811 Call Before You Dig
Know what's below
Those planning to dig (especially in the vicinity of buried utility lines, pipes or cables) should remember these points:
- Dig safely
- Respect the marks
- Call before you dig by contacting the Sunshine 811 (SS811) of Florida with a proposed excavation project at least two but no more than five business days prior to digging. This not-for profit center notifies all appropriate utilities free-of-charge to ensure proper work coordination and to prevent damage to underground facilities. The center has customer service representatives available from 7 a.m. to 5 p.m. Monday through Friday at 811. It also offers website access 24 hours a day, seven days a week at Sunshine 811. Copies of SS811's Excavation Guide are available as well.
Who is required to notify Sunshine State One-Call?
Anyone who intends to excavate (disturb the surface of the earth) in Florida, unless a specific exemption listed in s. 556.108, F.S., applies.
I've hit a facility; what do I do now?
Whether there is visible damage or not, you must stop excavating. If lives or property are in danger, call 911 immediately. Then notify the owner of the affected underground facility directly. Excavators and members may access the emergency contact book using Internet Ticket Entry. Others can call Sunshine 811 at 811.
When can I remove the flags or other physical markings on my property?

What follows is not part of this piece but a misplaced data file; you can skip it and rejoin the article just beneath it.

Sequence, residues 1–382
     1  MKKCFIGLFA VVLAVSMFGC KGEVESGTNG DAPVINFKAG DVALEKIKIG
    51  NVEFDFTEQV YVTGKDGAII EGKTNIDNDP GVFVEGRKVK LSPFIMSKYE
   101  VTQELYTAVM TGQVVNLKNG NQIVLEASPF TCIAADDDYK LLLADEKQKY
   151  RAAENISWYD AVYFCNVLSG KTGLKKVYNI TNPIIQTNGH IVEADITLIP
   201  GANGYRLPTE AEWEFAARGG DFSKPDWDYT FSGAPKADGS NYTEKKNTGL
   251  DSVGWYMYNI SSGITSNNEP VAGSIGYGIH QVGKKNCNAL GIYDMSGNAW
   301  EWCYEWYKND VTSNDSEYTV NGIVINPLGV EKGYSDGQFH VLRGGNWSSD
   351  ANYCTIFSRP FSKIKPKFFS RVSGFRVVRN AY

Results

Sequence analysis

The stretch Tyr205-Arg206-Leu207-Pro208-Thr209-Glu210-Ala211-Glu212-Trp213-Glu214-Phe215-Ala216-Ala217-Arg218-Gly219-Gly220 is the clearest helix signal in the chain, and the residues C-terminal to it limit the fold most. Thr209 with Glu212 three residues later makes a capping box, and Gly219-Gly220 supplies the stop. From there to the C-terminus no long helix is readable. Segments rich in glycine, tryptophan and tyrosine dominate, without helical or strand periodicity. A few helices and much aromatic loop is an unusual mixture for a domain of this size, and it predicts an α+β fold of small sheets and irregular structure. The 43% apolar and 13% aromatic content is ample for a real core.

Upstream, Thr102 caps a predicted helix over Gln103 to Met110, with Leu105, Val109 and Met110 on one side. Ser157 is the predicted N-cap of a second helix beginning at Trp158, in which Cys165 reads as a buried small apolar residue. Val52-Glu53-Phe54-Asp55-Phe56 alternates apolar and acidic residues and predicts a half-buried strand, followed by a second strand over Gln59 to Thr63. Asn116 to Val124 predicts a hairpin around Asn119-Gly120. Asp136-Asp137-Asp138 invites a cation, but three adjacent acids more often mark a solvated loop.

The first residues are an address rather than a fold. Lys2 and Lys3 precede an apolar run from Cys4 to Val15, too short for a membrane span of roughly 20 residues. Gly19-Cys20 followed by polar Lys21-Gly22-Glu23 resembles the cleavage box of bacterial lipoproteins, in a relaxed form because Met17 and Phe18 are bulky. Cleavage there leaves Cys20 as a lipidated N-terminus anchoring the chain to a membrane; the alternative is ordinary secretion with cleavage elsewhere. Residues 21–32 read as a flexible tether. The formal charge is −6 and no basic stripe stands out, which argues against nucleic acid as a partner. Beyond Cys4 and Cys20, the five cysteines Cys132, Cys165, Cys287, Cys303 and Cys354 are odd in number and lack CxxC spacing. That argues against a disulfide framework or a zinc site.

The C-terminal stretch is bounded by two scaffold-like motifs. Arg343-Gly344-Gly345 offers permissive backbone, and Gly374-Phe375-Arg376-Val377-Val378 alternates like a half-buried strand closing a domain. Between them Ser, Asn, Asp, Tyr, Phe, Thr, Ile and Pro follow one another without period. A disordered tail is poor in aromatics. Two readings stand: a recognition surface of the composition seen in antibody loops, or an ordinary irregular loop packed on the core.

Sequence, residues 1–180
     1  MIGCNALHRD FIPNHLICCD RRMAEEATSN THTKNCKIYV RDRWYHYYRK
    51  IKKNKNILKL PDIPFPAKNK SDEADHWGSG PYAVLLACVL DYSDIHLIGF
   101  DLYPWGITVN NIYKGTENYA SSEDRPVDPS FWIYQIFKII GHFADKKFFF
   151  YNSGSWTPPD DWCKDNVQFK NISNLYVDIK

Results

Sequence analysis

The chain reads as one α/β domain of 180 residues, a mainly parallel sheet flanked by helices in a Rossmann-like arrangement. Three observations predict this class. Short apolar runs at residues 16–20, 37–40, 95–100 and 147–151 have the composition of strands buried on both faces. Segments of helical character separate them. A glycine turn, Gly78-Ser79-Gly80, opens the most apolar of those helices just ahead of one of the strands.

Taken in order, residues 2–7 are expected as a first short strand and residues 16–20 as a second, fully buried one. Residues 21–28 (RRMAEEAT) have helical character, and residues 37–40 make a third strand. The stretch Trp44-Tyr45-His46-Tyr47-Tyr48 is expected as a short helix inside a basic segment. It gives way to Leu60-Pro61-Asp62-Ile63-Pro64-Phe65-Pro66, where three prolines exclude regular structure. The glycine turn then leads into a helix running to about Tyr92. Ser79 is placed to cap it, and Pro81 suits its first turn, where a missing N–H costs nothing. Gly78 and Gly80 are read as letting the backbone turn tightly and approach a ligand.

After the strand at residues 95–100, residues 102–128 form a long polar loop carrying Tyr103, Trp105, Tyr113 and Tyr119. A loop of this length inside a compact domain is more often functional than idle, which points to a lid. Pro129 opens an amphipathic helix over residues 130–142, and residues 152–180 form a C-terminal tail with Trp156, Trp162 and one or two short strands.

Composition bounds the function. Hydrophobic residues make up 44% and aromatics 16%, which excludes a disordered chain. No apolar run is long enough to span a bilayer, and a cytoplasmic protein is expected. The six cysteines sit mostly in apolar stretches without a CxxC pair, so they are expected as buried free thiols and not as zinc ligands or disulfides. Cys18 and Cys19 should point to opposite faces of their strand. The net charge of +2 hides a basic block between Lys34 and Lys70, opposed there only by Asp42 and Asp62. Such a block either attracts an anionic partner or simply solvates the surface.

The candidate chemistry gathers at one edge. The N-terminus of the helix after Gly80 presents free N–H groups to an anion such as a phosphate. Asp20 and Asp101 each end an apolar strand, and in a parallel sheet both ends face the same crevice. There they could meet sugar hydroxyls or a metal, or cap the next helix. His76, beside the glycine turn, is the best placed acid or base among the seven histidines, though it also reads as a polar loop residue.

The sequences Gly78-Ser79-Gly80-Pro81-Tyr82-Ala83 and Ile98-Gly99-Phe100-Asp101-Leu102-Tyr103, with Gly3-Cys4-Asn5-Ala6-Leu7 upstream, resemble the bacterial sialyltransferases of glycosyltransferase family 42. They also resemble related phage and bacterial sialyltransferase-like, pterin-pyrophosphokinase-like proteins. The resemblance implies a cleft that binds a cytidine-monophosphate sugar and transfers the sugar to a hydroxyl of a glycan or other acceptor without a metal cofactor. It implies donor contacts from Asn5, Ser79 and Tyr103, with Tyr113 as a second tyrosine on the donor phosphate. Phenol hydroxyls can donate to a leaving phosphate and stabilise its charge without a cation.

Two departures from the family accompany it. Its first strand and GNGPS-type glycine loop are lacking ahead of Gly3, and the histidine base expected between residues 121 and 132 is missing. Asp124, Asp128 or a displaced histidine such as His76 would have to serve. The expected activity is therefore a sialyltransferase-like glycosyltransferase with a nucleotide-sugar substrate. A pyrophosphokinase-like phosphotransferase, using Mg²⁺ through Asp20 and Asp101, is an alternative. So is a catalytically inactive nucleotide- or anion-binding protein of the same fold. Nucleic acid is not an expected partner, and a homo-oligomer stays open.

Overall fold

Flags or other physical markings are valid for 20 calendar days. Flags or other physical markings that are no longer valid may be removed. Removal of valid flags or other valid physical markings is a misdemeanor.
Is this service just required for businesses?
No. If you're beginning a home improvement project that requires digging or adjusting the grade of your property, Sunshine 811 recommends that you call 811 before digging if you don't know where underground facilities are located on your property.
Note: Homeowners are exempt from calling SS811 unless they are excavating in the utility easements or where underground facilities are located. Typical home improvement projects that can lead to serious damage include putting up a fence, mailbox post, swing set or clothesline pole; building a deck or room addition; and planting a garden, trees or shrubbery.
What do the markings mean?
Temporary markings play an important role nationwide for contractors, construction crews, homeowners and any others involved with excavating on a particular property. They are all part of the American Public Works Association's (APWA) Uniform Color Code, used to indicate the exact locations of underground utility lines.
Here's what the colors signify:
- white - proposed excavation
- blue - potable water
- green - sewers and drain lines
- purple - reclaimed water and irrigation lines
- pink - temporary survey markings
- red - electric power lines, cables, conduit and lightning cables
- yellow - gas, oil, steam, petroleum or gaseous materials
- orange - communication, alarm or signal lines, cables or conduits
City of Tallahassee crews use a water-based spray paint to show utility locations at all necessary points. That means you may see lines, circles and arrows on lawns, streets, driveways, easements, curbs or construction sites.
Usually, if there's a lot of work activity or heavy equipment on a construction site, utility crews will also use small, color-coded flags that correspond to the paint colors. These are more visible to equipment operators, although they often fall prey to vandals, children, lawnmowers and errant bulldozers.
For more information please visit the Sunshine 811.